My time at the She Speaks conference in July prompted me to question many things about calling, life, and authenticity. Greatest among the lessons from this weekend was the realization that it’s possible to walk into a crowded room of gifted women and be honest about the difficulty of the journey. This kind of vulnerability might be the bravest and most confident way to live. My confidence doesn’t come from my own gifting. It comes from the One who created me.
6. There’s only room for a miracle when I am unable to produce the outcome on my own.
I’m currently reading Unashamed by Christine Caine. Christine reminds us that we are unable to measure up in our carnal, human selves. It is the power of Christ in us that is sufficient in our weakness.
7. I’m not defined by the outcomes I am able to produce in my life.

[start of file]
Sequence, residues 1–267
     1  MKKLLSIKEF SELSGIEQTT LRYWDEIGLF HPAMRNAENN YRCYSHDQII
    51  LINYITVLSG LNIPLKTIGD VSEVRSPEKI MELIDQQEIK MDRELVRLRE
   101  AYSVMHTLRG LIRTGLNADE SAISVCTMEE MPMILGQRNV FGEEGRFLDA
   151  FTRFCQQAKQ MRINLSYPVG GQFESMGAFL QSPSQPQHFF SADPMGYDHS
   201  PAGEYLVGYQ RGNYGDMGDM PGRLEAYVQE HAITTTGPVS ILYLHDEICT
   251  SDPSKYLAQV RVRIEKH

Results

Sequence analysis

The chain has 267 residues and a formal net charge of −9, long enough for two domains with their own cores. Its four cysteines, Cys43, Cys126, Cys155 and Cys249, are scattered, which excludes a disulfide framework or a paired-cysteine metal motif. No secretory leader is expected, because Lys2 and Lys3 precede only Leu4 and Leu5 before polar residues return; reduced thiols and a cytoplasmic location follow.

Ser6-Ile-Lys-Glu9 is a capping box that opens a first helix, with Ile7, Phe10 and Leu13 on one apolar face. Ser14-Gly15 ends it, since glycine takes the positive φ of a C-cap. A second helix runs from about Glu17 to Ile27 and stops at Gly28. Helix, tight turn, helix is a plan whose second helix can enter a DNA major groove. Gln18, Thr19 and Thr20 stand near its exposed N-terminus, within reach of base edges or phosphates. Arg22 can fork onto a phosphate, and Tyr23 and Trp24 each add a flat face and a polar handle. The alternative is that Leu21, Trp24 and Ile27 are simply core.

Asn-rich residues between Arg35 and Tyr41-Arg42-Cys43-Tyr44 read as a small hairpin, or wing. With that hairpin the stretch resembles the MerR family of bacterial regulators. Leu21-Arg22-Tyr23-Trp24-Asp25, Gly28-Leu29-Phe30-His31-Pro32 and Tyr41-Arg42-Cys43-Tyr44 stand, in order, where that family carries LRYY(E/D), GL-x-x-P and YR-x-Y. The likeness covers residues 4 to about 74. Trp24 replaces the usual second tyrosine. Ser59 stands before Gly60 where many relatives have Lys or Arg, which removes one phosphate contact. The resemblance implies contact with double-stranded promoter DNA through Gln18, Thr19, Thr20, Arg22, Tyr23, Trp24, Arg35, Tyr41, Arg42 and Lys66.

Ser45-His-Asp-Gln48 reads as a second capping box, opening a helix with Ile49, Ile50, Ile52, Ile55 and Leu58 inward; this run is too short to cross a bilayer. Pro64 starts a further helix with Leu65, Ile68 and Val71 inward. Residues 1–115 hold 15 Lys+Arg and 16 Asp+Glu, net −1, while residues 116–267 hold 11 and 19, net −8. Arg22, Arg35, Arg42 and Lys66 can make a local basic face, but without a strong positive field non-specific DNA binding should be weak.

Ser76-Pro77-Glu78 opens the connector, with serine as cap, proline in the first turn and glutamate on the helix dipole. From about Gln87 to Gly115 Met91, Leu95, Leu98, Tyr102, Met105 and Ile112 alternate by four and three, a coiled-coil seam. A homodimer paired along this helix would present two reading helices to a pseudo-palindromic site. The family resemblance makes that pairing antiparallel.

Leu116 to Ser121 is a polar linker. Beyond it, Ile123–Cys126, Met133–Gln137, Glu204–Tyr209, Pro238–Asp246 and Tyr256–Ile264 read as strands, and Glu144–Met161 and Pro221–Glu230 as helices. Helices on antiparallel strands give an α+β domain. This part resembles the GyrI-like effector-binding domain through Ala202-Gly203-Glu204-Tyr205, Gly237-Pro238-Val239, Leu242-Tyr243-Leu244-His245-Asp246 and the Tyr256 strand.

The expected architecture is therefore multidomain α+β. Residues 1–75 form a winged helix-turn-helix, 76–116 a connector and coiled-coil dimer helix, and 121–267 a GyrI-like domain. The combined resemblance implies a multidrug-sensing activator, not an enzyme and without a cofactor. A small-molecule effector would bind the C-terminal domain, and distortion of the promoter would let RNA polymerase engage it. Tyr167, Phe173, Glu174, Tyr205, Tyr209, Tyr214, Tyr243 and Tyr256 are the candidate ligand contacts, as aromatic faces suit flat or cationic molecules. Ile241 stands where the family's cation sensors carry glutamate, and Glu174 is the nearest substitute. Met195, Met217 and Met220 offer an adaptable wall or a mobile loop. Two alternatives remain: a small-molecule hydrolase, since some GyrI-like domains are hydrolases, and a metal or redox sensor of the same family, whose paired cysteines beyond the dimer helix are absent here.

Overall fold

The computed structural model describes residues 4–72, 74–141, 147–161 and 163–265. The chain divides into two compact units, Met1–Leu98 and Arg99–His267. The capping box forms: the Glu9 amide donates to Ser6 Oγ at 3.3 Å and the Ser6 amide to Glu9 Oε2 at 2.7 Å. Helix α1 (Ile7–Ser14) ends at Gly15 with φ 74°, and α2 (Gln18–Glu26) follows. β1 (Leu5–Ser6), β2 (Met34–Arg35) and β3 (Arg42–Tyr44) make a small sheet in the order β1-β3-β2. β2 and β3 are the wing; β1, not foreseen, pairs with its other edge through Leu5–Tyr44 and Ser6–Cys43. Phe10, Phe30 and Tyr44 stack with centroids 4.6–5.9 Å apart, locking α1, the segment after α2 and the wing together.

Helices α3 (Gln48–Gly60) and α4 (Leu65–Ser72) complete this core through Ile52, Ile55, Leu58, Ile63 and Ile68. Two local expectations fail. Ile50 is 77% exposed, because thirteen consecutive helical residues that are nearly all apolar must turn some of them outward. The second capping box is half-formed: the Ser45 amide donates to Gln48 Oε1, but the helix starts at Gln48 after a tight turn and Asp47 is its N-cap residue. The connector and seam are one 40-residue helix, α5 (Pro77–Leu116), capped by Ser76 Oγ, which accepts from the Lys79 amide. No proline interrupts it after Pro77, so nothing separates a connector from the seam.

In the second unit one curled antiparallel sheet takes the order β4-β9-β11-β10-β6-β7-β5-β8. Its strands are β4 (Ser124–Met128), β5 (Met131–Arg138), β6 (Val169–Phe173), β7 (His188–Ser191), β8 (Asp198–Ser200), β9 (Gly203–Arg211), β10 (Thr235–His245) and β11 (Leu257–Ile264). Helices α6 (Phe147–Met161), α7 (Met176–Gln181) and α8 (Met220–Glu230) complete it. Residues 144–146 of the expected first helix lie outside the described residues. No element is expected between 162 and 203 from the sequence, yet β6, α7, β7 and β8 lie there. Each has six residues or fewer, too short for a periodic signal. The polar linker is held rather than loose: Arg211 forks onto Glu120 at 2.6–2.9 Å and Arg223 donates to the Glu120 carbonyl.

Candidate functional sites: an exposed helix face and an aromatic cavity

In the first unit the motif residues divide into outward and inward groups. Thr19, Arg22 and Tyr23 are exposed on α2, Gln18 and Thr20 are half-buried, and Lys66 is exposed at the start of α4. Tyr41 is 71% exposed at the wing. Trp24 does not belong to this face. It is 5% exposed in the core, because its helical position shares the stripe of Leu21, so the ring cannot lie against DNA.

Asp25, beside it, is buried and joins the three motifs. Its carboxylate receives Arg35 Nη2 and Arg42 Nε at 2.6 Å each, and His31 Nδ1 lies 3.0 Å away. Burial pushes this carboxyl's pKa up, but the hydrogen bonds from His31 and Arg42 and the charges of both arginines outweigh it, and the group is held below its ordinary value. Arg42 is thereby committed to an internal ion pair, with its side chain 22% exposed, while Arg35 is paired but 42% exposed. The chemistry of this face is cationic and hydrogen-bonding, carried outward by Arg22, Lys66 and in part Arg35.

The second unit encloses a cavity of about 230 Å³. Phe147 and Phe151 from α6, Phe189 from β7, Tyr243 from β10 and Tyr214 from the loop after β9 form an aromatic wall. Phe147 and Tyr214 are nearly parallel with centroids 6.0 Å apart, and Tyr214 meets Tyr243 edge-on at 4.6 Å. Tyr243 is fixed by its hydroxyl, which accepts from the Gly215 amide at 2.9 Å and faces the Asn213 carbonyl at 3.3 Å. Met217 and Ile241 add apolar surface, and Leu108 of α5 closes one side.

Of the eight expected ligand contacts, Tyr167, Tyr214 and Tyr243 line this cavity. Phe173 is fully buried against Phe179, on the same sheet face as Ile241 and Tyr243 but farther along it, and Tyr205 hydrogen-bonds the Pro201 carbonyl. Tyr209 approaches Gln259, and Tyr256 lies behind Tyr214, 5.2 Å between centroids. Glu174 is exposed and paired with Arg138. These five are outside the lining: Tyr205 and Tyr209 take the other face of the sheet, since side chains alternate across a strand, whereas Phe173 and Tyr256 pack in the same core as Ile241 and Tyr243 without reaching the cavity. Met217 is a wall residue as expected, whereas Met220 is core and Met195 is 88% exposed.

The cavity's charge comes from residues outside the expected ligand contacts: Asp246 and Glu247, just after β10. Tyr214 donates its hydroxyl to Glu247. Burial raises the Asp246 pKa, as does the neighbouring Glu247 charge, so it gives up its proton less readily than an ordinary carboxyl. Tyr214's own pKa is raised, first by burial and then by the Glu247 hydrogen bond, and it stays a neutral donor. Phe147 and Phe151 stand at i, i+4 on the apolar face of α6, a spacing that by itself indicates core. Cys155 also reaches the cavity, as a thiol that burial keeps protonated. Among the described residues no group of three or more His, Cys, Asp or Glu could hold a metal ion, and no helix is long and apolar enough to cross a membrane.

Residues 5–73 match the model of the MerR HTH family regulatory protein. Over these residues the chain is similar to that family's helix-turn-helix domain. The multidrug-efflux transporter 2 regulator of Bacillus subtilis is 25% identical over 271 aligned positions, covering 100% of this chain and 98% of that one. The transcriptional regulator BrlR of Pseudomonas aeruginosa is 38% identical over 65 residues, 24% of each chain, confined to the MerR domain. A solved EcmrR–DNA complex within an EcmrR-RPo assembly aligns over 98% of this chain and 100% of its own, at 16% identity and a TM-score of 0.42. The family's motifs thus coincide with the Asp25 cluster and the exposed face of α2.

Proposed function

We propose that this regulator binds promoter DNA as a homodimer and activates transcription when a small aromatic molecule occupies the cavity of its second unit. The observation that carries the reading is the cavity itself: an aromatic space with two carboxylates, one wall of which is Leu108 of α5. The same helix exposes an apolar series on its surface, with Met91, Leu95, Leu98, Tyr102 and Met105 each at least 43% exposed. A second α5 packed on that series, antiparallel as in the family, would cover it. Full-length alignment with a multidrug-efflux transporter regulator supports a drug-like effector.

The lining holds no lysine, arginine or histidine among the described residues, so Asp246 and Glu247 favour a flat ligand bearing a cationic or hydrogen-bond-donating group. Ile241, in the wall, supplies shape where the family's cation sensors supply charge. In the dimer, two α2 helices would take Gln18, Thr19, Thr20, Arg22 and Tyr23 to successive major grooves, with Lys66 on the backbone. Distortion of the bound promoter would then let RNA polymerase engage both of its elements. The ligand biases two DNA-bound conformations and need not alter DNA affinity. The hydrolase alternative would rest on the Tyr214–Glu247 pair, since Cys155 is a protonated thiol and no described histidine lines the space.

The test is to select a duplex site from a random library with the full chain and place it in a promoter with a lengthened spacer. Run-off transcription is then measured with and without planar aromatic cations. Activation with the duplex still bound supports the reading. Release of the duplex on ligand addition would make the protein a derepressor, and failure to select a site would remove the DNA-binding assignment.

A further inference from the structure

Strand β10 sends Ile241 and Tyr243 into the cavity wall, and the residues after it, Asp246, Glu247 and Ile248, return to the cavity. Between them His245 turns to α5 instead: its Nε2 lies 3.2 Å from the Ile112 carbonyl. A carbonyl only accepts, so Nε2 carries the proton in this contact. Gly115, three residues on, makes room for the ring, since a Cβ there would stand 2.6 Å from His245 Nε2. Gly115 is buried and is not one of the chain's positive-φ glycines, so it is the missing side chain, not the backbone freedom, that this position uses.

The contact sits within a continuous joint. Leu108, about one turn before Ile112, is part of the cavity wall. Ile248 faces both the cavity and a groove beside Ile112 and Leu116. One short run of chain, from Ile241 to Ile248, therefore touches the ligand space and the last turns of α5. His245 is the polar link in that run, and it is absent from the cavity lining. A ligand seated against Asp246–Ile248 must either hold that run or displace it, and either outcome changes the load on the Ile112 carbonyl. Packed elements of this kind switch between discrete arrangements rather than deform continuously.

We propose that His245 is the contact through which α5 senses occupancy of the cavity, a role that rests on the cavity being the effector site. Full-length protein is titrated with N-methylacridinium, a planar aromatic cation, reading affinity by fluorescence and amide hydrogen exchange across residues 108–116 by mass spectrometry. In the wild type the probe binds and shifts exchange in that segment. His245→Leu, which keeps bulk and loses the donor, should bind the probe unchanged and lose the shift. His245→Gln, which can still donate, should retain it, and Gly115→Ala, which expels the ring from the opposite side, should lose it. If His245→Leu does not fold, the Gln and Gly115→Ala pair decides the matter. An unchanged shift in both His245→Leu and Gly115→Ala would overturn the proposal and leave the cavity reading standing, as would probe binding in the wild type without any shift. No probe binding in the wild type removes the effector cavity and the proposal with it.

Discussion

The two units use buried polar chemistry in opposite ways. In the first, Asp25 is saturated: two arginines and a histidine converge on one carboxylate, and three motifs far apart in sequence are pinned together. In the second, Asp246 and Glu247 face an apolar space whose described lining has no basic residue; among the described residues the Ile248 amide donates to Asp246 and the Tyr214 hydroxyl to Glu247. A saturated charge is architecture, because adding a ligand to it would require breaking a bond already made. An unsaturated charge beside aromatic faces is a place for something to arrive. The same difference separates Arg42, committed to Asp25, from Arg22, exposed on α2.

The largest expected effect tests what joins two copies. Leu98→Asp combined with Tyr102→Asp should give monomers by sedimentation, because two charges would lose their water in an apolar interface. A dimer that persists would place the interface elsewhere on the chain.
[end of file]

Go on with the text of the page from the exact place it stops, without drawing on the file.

I could list twenty more lessons from the summer. For the sake of illustrating this final point, I’m stopping short. I’m stopping short as a reminder that none of us are defined by the outcomes we produce in our lives. Coming up short doesn’t classify a person as lacking, and every failure is an opportunity to grow.
As summer fades to autumn in the subtle shift from light to darkness, warmth to chill, and green to crimson, we will keep growing deeper roots around here. We will keep laughing at the ridiculous and smiling at the future. This is how we step boldly into the next season.
Niequist, S. (2016). Present over Perfect: Leaving Behind Frantic for a Simpler, More Soulful Way of Living, Grand Rapids, MI: Zondervan.
Tsh Oxenreider (2017). At Home in the World: Reflections of Belonging while Wandering the Globe, Nashville, Tennessee: Harper Collins.